What are cheap method to turn the threads off a bolt? - Page 3
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  1. #41
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    Quote Originally Posted by rjs44032 View Post
    You mean you wouldn't use your centerless grinder for that job??? I mean the small one not the big one.

    Best Regards,
    Bob
    You've been talking to my wife again, eh?

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  3. #42
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    "Machine it"

    Plunge grind it. Takes seconds, finish/accuracy good. I do it every day.

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    Those plastic press on knobs are the handiest thing for creating custom thumb screws.They will handle all the torque that any normal human can apply.MM Carr sells them in metric and imperial.
    The plastic center post deforms into the hex making a positive drive with the outer recess pressing on the od of the bolt head.
    Just use any vice to press.

    I have to make all kinds of various thumb screws where idiots use pliers/vice grips and destroy the originals(doesn't matter plastic or steel).

    Of course they have to listen a lecture on why they are called thumb screws instead of vice grip screws before they can have them.

  5. #44
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    Quote Originally Posted by jim rozen View Post
    That's cheating! Nobody and I mean nobody has a turret lathe just sitting in their
    basement....

    Oh. Wait.

    Never mind.
    I've got a bed turret for my SB 10K.

  6. #45
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    Quote Originally Posted by john.k View Post
    im pretty dumb,but why would you buy a bolt and then turn the threads off?.............and second ,I cant believe anyone would be silly enough to buy this.......maybe its an investor driven thing like chocolate soft drink and pet rocks.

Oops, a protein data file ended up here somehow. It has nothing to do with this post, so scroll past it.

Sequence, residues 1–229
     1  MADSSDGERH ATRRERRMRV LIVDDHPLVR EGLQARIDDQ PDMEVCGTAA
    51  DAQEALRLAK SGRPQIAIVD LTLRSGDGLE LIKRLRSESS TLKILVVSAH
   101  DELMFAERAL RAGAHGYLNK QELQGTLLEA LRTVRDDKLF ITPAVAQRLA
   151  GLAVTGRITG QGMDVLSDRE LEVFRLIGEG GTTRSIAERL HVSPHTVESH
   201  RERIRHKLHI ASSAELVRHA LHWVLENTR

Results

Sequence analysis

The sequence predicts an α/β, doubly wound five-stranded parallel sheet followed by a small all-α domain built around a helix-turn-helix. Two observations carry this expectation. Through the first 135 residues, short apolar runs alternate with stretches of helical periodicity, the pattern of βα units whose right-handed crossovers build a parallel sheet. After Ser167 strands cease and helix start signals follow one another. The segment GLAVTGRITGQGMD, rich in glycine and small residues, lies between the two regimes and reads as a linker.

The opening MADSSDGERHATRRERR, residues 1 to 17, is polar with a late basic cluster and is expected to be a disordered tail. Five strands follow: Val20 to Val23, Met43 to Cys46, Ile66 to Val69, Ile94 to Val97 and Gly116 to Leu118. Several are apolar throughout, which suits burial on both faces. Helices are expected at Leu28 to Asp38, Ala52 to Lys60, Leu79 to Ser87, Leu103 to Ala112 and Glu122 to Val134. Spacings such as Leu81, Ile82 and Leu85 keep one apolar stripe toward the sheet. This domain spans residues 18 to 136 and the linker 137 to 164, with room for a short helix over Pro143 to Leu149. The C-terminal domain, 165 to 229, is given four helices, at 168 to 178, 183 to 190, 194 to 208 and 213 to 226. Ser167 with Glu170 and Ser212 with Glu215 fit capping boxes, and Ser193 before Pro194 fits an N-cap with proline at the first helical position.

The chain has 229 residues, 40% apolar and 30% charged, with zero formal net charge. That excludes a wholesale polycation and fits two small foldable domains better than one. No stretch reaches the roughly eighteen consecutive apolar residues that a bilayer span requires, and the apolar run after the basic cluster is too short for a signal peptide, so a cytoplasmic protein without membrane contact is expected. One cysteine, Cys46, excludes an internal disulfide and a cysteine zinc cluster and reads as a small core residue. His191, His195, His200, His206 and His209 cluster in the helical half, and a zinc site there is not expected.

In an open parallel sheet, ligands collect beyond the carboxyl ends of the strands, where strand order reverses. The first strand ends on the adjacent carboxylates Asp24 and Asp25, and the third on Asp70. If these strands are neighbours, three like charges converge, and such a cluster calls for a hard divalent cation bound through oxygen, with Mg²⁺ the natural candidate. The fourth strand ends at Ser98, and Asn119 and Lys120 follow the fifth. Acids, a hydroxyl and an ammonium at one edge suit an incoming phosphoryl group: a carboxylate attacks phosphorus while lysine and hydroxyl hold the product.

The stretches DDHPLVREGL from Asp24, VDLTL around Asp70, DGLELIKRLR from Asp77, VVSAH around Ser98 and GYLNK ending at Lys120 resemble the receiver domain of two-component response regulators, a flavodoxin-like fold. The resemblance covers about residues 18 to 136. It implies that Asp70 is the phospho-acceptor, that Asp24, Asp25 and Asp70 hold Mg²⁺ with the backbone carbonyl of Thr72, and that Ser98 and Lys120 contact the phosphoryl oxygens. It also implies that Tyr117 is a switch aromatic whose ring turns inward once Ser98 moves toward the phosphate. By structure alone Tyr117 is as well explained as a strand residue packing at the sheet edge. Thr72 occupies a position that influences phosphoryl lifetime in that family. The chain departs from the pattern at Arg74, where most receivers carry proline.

It is probably a tool sold to non-machinists. Not everyone can make their own.

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  8. #46
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    My silly bolt is not sold to machinists. It is an alternative to the factory part that's machined from 3/4" steel and is $64. My part retails for under $10... would be less but I have 3 price levels to factor in.

    Using an insert with small radius helped tremendously.

    screw_turning.jpg

    The top holder is what I use. Below left is a split holder I made but it is non-concentric. And I use a thread chasing nut to clean the threads when I'm done with the part. The four bolts shown are the 1st attempt ... middle two are figuring out how much cut I wanted for 1st pass (in) and the 2nd pass (out). They got ugly because I needed to make more passes to get the diameter down so it would fit in the fixture.

    I did a video, too, so the peanut gallery can have more fodder. Sorry, I forgot to turn off the music; I can hear it just right with the ear protection on. Then I only hear the machine when things aren't going smoothly.
    https://drive.google.com/open?id=17f...oDxl8GAeUIZZOk

    The video is as I engage the power feed for the "2nd" cut. 1st cut takes about 0.030" off and 2nd cut another 0.020".


    The hollow end mill is a fantastic idea. Those don't seem very common, but an annular cutter might work magic. For $20, it's worth a try. https://www.amazon.com/dp/B07B2TCJDY